[ejabberd] Node Clustering issue

Matthew Reilly matthew.reilly at sipphone.com
Thu Jun 12 00:34:32 MSD 2008


Florian Jensen wrote:
> Ok, I got it running. I now can access the erlang console.
>
>   
Out of curiosity, how did you get it fixed?

> So, now, how can I let it sync all? And how can I let it start 
> automatically in cluster mode?
>
>   
I'm doing this from memory, so I apologize if I get something wrong.

Now that you have connected, you should be able to do (from the erlang 
console):
erl> mnesia:info().

This should show both your main node and your new node.

You want to have it set up so that the next time you start your new 
node, it remembers to connect to the original node.

To do this:

erl> mnesia:change_table_copy_type(schema,node(),disc_copies).

This creates a copy of the mnesia schema on the local drive, so that 
when you restart the local node, it remebers to connect to the main node.

What that means is that when you kill your console (with 
control-C/control-C), and start ejabberd on the second node (with the 
same ./start script), it will come up in clustered mode -- you don't 
need to do anything else for (basic) clustering! (on the ejabberd side 
-- you still need to set up DNS entries pointing to the second node, or 
no clients will find it).

Once you've done this, the first node stores all data, and the second 
node stores none of the data (except for the schema itself). This means 
that every mnesia lookup (which is done e.g. everytime a 
message/presence stanza is sent) works by having the second node send a 
network request to the first node, the first node lookups up the info in 
its mnesia table and sends it back to the second node.

That is the default behavior, which may be acceptable --the mnesia 
traffic/CPU load is not very large. However, this only gives you 
scalability benefits of clustering, but not fault-tolerance. For 
example, if your first node went down, the second node would suddenly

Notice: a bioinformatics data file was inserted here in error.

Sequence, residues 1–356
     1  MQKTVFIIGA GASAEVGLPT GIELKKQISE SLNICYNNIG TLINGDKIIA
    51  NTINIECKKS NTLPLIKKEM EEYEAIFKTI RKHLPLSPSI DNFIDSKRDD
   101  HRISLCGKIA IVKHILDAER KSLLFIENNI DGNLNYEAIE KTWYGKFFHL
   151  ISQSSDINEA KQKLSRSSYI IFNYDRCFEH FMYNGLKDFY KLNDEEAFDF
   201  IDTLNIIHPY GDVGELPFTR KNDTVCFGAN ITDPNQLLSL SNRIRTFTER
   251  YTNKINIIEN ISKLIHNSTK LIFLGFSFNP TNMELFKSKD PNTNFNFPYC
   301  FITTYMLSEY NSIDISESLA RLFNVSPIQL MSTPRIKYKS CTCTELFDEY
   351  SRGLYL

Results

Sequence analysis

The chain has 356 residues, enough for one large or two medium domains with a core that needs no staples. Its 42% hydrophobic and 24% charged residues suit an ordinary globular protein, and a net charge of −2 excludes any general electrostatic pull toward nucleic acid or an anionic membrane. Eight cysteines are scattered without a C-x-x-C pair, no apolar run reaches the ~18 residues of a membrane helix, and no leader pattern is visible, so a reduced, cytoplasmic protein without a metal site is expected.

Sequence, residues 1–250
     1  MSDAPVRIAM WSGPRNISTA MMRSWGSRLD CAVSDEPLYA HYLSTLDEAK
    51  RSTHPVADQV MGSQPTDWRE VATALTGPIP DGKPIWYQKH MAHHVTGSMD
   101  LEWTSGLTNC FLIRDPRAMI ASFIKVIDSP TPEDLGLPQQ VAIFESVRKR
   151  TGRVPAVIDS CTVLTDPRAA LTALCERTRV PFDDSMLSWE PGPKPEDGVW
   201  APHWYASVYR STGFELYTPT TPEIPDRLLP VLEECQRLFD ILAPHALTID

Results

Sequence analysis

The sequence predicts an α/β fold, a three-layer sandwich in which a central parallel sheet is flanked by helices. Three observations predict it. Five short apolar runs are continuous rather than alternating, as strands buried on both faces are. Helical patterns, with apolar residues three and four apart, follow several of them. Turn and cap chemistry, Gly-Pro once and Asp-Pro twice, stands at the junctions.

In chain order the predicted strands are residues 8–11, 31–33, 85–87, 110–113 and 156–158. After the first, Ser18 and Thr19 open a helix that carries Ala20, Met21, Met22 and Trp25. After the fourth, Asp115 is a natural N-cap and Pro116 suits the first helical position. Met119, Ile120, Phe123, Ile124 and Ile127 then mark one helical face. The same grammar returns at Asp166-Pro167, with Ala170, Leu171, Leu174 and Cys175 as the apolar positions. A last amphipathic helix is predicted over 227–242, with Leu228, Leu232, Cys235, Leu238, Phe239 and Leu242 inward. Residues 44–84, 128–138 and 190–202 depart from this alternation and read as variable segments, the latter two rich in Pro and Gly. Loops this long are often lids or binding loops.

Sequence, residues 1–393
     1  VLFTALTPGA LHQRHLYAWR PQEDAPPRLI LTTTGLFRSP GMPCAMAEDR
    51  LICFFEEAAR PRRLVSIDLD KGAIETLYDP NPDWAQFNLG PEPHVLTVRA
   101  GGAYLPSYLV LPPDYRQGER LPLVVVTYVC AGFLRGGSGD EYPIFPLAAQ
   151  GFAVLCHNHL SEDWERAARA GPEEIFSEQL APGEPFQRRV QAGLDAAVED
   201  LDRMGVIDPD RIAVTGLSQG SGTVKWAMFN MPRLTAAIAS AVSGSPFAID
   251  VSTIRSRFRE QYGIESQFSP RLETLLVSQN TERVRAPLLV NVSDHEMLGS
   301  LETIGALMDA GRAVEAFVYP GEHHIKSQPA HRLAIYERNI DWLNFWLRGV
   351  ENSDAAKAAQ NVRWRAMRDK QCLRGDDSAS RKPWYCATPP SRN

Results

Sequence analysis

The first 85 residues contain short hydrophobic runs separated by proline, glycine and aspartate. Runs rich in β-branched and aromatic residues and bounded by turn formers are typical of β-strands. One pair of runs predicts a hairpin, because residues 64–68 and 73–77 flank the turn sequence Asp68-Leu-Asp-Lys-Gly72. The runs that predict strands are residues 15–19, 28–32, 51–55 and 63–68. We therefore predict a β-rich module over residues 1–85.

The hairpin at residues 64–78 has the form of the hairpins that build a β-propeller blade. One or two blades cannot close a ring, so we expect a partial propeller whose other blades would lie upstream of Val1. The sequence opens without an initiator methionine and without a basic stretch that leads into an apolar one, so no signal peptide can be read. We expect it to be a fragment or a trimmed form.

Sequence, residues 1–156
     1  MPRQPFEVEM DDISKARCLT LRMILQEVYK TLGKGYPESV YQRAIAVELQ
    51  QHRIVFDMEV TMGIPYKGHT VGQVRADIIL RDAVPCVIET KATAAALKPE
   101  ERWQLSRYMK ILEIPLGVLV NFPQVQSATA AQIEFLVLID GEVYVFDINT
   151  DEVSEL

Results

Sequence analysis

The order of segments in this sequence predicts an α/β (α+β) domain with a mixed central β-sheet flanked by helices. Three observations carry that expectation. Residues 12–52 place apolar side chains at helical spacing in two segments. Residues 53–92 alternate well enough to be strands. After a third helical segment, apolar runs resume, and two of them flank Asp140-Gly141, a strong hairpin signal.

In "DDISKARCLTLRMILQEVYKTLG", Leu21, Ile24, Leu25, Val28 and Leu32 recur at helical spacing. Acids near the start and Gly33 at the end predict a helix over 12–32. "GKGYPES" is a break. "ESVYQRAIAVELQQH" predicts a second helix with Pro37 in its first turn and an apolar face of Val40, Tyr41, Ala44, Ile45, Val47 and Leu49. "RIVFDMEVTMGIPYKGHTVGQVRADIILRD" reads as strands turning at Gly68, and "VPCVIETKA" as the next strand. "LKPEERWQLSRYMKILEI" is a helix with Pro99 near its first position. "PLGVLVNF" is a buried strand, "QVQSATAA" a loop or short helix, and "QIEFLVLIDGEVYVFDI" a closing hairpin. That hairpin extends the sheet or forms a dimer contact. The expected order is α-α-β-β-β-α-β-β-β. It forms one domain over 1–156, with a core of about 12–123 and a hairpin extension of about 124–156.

become unusable (since it has no copies of the mnesia tables locally).

To add fault tolerance, you'll need to stay in the console mode (or 
reenter it if you've left it), and do a mnesia:add_table_copy() for each 
table. This'll be tedious, and if anyone else knows a more automated 
way, I'd like to hear it.

To get a list of the tables, do:
erl> mnesia:info().

You get output similar to:
[{'ejabberd at ds2248',ram_copies}] = [session,route, ...]
[{'ejabberd at ds2248',disc_copies}] = [privacy,...]
[{'ejabberd at ds2248',disc_only_copies}] = [offline_msg,...]

There are three types of tables: RAM resident (ram_copies), RAM & disc 
resident (disc_copies), and just disc resident (disc_only_copies).

For each table, you tell the mnesia system that you want a clustered 
copy on the second node by issuing these commands from the erlang 
console (one the second node):

erl> mnesia:add_table_copy(session,node(),ram_copies).
erl> mnesia:add_table_copy(route,node(),ram_copies).
...
mnesia:add_table_copy(privacy,node(),disc_copies).
...
erl> mnesia:add_table_copy(offline_msg,node(),disc_only_copies).
...

If you do this for each table, the second node will be able to keep 
running if the first dies. You only have to do this once -- even if you 
restart the second node, it knows which tables to cluster.

Note: The actual list of tables you'll need to cluster will differ 
depending on the modules you've configured in your ejabberd.cfg as well 
as whether you're using a SQL backend. If you add a new module to 
ejabberd.cfg, it may add a new mnesia table, and you made need to do a 
mnesia:add_table_copy() for the new table.
> _______________________________________________
> ejabberd mailing list
> ejabberd at jabber.ru
> http://lists.jabber.ru/mailman/listinfo/ejabberd
>
>   



More information about the ejabberd mailing list